It’s not only dull, it’s super-stressful. People aren’t machines – the relentless focus on numbers, results, performance, and work-work-work, maximizes stress. It is proven through neuroscience to increase cortisol, fight-or-flight responses, which in turn, lowers both perspective and creativity. Employers who expect people to be available via email and text at all hours of the day – without break – guarantee a high-stress culture for their people. We also need to play and socialize – at work! – to maximize productivity. Leaders can lower stress by intentionally creating interactions at work around fun activities, shared meals, comic relief, creative play. This also bonds people socially, which reduces workplace conflict.
Relentless “do more with less” expectations.
In today’s lean work environments, it is common for people today, to be asked to do what 3 people did 10 years ago. (ie, no change in the priorities or tasks, but fewer staff to do them.) If you are hiring people who are willing to work 60-80 hours per week, you are setting up for continuous attrition (this is not sustainable for most people). Or, the people who stay will be less healthy. (They often abuse alcohol, drugs, to unplug, which lowers productivity and personal health.) Leaders can lower stress by relentless prioritization of goals, and an active process to back-burner status on projects every quarter. (eg, Have a “Stop-List” session every quarter.) People focus better when their workload can be achieved with a reasonable schedule, and are encouraged to take frequent health breaks.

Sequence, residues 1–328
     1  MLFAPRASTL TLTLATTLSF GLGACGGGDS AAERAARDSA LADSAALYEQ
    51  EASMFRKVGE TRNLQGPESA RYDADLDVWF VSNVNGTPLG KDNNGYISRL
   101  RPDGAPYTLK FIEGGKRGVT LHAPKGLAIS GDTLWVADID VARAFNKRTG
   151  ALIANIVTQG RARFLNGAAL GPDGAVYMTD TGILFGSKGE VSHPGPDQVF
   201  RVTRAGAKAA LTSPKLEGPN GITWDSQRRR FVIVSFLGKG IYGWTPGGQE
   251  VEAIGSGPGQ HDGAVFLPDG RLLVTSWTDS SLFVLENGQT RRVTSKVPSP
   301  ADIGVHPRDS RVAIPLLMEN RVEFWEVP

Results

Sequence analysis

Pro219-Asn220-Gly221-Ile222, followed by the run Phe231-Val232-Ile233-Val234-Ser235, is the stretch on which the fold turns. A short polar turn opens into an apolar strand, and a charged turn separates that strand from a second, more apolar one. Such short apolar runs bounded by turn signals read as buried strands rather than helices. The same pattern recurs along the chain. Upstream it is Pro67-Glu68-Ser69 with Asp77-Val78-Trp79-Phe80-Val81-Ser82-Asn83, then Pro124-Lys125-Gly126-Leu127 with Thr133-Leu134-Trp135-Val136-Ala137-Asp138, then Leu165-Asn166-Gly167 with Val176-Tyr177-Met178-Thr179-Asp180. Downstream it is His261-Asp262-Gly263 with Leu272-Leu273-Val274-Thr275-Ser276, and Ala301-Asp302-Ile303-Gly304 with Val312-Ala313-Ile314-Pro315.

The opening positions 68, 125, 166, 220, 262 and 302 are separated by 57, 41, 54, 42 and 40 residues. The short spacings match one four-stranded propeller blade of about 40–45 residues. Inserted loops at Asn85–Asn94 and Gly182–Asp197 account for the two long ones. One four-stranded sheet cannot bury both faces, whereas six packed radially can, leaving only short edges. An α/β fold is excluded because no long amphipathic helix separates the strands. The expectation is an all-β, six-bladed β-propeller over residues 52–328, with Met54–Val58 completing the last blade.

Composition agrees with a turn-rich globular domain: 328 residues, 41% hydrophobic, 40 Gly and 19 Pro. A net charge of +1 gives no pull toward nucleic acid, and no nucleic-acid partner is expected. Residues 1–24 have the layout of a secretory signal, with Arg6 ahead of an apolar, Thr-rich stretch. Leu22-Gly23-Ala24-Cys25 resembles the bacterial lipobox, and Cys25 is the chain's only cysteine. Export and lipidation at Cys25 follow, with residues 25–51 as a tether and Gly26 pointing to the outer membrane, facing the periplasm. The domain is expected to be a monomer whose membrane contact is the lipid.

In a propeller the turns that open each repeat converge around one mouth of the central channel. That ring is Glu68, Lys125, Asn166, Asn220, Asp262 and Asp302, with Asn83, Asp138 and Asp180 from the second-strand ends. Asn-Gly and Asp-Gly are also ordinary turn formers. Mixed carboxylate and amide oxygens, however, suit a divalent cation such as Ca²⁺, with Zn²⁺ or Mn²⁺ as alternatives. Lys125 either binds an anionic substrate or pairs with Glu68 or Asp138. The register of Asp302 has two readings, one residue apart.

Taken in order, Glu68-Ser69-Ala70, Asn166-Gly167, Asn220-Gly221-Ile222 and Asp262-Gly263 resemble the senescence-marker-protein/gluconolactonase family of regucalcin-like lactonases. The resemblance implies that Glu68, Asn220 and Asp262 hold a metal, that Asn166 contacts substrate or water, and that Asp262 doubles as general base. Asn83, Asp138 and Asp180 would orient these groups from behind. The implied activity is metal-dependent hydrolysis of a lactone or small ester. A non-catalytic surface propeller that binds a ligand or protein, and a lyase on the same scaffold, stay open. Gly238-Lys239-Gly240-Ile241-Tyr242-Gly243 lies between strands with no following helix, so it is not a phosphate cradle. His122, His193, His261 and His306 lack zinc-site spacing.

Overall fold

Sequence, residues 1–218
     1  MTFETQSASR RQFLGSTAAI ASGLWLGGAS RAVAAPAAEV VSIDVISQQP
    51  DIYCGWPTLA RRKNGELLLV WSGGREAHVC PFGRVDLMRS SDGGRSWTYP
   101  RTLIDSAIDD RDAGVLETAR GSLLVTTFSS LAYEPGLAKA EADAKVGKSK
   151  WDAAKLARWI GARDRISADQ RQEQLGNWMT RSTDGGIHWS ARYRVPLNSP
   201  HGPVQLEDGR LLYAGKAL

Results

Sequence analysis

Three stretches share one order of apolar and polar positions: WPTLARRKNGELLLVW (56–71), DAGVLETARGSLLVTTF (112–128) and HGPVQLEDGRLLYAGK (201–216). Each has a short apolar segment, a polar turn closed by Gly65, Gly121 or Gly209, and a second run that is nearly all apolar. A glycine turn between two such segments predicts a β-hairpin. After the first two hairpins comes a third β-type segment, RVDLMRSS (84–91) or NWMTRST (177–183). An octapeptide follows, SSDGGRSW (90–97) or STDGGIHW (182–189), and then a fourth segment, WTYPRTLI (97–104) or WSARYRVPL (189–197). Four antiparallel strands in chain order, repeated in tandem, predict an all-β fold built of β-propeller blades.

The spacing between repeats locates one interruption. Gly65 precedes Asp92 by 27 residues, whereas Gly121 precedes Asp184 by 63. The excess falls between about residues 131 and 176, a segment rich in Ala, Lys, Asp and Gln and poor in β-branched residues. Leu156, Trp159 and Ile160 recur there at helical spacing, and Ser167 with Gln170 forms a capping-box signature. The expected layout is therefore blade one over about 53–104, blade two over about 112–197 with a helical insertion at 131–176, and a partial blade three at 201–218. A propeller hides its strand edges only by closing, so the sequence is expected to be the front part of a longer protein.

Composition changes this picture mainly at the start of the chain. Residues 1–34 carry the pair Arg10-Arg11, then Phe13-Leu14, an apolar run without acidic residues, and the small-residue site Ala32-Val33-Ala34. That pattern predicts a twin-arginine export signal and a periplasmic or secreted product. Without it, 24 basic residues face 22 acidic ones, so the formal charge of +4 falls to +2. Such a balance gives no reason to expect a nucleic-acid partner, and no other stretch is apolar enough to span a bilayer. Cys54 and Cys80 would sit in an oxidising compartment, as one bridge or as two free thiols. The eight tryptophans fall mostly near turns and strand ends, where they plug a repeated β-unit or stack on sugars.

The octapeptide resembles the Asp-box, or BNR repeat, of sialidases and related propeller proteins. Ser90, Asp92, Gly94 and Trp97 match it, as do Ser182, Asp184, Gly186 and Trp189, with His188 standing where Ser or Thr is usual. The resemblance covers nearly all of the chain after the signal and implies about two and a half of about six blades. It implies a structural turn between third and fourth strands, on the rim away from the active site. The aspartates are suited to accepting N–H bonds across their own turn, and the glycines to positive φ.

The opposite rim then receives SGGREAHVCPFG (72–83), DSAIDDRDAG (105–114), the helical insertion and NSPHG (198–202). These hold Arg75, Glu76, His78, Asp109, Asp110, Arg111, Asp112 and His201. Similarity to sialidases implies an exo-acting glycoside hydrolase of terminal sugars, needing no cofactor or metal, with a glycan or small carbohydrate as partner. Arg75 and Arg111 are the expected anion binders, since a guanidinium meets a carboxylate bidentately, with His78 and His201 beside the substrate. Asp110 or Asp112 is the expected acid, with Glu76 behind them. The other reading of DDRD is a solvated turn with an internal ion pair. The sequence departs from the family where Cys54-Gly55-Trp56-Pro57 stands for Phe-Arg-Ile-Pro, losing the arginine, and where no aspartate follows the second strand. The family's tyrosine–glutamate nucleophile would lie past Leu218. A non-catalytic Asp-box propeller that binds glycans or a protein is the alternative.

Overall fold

Lack of conflict and decision management.
If you are not teaching managers how to resolve conflict, clear the air, and make quick decisions (versus analysis-paralysis), you are creating a culture of chaos. (Think 5-year-olds running amok and fighting on the playground – it’s just an adult version of this.) You can lower workplace stress by providing tools and processes that create calmness and order, clear disagreements, and ensure there is ongoing conversation about how we treat one another – ie, ground rules for conduct.
It’s time to stop talking about the hazards of workplace stress, and start aligning your intentions with true effort.
The companies who do will not only foster competitive advantage for great talent, but will create cultures of satisfaction that can sustainably keep pace – and out-perform – in this new era of business.